I don't think there is any chance of him leaving after his transfer year. He wants to raise his draft stock and that won't happen on the bench. I think he understands his ceiling is higher if he goes to a talented roster and is willing to wait and build himself into a lottery pick.

Jeff Coffman 5 years, 6 months ago

I believe that I saw something that said, if you transfer you could not enter the NBA draft the following year. I don't have a source, but it came up when the Kentucky person decided to transfer. Basically, once you go down that path, you are out two years. Or go to Europe.

Marius Rowlanski 5 years, 6 months ago

Yesterday, I was thinking the same thing but I have to give credit to Dirk Medema for the following comment.

"Gotta play for at least one year to be productive, or there's little chance of being drafted."

You would get one year for this kid in a spot we are fairly loaded while losing a scholarship for two years. We just signed Evan Maxwell. I still say pass on both players.

Robert Brock 5 years, 6 months ago

I have watched the kid the last three years and I have mixed feelings about his mind-set and his capabilities. Basically, I think he could be a really effective college player if he was not the primary lead guard. He has a history of making the game all about him; the few times that he has been a true handler-dribbler-passer (like playing on the USA team) he looks great. When he reverts to constantly attacking by himself, he starts getting into trouble.

He needs to mature and make better decisions. Maybe this is the first step - good luck to him.

Eliott Reeder 5 years, 6 months ago

I haven't seen him play, but going off of your assessment, perhaps he would be better suited to playing on a team with more talent than on a team where he is expected to be the alpha dog. At KU, he would not have those types of expectations placed on him and could be the team player you say he thrives as.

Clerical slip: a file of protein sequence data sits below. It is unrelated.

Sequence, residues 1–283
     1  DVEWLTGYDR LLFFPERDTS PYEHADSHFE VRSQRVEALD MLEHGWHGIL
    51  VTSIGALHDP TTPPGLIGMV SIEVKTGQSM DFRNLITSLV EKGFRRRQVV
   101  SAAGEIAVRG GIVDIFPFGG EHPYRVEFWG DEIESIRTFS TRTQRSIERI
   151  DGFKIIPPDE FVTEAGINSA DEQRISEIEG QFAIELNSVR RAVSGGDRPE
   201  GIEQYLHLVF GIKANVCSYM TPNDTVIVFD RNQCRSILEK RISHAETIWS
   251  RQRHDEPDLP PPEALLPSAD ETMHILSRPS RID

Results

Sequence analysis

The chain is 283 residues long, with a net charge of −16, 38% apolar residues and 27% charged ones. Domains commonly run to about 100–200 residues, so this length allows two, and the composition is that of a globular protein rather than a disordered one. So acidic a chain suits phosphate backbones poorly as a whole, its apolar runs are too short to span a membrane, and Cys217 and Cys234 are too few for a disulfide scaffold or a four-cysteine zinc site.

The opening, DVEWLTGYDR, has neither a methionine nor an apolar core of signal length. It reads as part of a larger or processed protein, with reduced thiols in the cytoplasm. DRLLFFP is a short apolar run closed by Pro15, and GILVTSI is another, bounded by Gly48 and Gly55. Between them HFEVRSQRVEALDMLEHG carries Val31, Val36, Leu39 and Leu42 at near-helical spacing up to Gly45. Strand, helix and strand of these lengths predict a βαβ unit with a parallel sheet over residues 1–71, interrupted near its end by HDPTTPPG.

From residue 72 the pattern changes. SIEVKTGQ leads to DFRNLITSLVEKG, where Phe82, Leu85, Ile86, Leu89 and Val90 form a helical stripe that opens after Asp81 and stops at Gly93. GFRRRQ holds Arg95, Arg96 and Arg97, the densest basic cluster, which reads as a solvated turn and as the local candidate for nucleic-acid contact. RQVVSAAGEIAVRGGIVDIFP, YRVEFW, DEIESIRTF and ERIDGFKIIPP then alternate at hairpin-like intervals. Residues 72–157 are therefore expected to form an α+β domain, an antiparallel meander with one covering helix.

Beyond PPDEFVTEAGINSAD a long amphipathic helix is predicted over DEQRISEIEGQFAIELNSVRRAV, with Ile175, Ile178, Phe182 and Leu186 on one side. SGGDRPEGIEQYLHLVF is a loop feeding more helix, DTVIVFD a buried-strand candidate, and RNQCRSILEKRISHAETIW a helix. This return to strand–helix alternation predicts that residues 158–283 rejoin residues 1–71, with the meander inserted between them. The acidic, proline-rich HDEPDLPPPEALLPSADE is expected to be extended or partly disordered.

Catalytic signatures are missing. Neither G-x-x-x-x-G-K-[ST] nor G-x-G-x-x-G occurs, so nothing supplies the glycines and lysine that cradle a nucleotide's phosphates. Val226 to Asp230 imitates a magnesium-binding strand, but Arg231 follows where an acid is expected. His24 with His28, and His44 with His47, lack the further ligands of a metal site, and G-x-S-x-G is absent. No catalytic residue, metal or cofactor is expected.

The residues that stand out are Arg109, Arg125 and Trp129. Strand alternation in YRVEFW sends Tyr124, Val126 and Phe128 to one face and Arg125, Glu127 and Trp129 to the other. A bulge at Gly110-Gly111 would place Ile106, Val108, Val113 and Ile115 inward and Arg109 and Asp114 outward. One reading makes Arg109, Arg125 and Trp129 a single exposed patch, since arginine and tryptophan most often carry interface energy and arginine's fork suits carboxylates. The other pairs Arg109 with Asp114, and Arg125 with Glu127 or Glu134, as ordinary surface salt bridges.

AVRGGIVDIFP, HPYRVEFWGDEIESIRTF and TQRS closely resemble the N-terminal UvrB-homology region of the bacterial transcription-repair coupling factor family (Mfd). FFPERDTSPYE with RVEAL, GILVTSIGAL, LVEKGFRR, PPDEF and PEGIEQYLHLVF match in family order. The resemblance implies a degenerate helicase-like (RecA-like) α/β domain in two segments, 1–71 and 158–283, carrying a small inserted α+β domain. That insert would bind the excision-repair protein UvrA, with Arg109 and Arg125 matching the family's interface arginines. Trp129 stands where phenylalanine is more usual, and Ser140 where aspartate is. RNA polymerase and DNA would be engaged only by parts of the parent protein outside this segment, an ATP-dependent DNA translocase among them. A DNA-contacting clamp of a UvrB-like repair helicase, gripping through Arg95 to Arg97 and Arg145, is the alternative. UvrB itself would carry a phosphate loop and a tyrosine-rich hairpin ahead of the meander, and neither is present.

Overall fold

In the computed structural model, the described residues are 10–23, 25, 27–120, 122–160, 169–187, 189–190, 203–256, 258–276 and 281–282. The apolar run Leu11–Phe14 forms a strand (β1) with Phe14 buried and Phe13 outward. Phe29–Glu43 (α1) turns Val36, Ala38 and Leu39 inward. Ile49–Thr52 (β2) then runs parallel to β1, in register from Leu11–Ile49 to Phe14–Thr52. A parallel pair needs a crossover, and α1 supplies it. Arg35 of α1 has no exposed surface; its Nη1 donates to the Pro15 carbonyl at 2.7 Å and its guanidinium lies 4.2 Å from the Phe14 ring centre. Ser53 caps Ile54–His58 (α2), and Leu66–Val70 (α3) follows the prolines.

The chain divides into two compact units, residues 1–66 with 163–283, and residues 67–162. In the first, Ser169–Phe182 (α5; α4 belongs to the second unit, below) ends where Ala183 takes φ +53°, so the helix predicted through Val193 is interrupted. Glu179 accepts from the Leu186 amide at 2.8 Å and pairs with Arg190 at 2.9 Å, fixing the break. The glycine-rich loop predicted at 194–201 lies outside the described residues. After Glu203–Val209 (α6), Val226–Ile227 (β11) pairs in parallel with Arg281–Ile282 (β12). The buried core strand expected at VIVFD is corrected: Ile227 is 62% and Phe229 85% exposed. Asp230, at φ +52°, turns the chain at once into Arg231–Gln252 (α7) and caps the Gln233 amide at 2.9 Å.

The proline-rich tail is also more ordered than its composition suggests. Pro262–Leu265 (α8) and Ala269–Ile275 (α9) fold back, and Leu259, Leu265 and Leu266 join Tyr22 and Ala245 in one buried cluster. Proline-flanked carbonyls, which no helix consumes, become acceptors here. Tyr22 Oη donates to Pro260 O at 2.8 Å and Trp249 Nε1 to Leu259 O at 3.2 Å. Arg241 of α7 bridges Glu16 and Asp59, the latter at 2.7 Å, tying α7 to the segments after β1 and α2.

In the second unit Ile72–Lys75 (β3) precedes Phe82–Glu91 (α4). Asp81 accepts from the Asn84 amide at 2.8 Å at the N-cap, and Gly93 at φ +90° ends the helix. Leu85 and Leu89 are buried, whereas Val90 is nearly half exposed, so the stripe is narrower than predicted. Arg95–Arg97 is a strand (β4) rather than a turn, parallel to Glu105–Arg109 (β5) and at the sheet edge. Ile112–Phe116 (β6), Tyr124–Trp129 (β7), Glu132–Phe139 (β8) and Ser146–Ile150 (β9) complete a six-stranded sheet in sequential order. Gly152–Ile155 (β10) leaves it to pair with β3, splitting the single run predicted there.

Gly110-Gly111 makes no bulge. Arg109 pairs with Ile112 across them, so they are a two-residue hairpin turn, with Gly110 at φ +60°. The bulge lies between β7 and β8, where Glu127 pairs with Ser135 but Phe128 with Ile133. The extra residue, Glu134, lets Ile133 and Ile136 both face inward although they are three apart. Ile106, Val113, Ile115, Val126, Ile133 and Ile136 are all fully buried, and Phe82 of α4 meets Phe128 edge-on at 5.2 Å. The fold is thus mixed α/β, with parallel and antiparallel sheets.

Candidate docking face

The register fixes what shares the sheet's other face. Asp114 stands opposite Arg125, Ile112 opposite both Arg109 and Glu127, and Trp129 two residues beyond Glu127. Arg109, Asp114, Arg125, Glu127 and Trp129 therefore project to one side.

Marius Rowlanski 5 years, 6 months ago

Looking at his overall stats at Mississippi State, they are very average with 11 ppg, He averages close to 2 assists and 2 turnovers per game, shoots just under 40% total and 3 rebounds in about 28 min...

I think Graham will be back next year but either way, we will need to add a couple of guards. I would rather see Thornton and a couple of freshmen recruits who aren't looking for the most direct route to the NBA.

Len Shaffer 5 years, 6 months ago

Those don't seem like particularly terrible stats for a freshman on an average team. Given that Self would have two years to work with him, he could easily improve those numbers significantly.

Marius Rowlanski 5 years, 6 months ago

Agree Len. I did say 'very average' and the SEC was pretty weak last year. I also agree that Self could do wonders for this kid in two years but I don't think Self will get both Thornton and Newman and given the choice,, I prefer Thornton. Newman wants to get to the NBA as fast as possible while I think Thornton would stick around a couple of years. It's all conjecture. I don't think our opinions are that far apart.

Harlan Hobbs 5 years, 6 months ago

Can't imagine him transferring, sitting for a year, and then reentering the NBA draft. What makes us think that his stock will rise by sitting out a year?

My only concern is his coachability. However, Coach Self recruited him pretty hard before, so apparently he is satisfied. That's good enough for me.

Humpy Helsel 5 years, 6 months ago

I think it is a good sign his dad noted "his immaturity." From "all about me" in high school to D-1 college basketball can have a way of bringing about maturity. Interesting to see if Kansas picks up any of these transfers.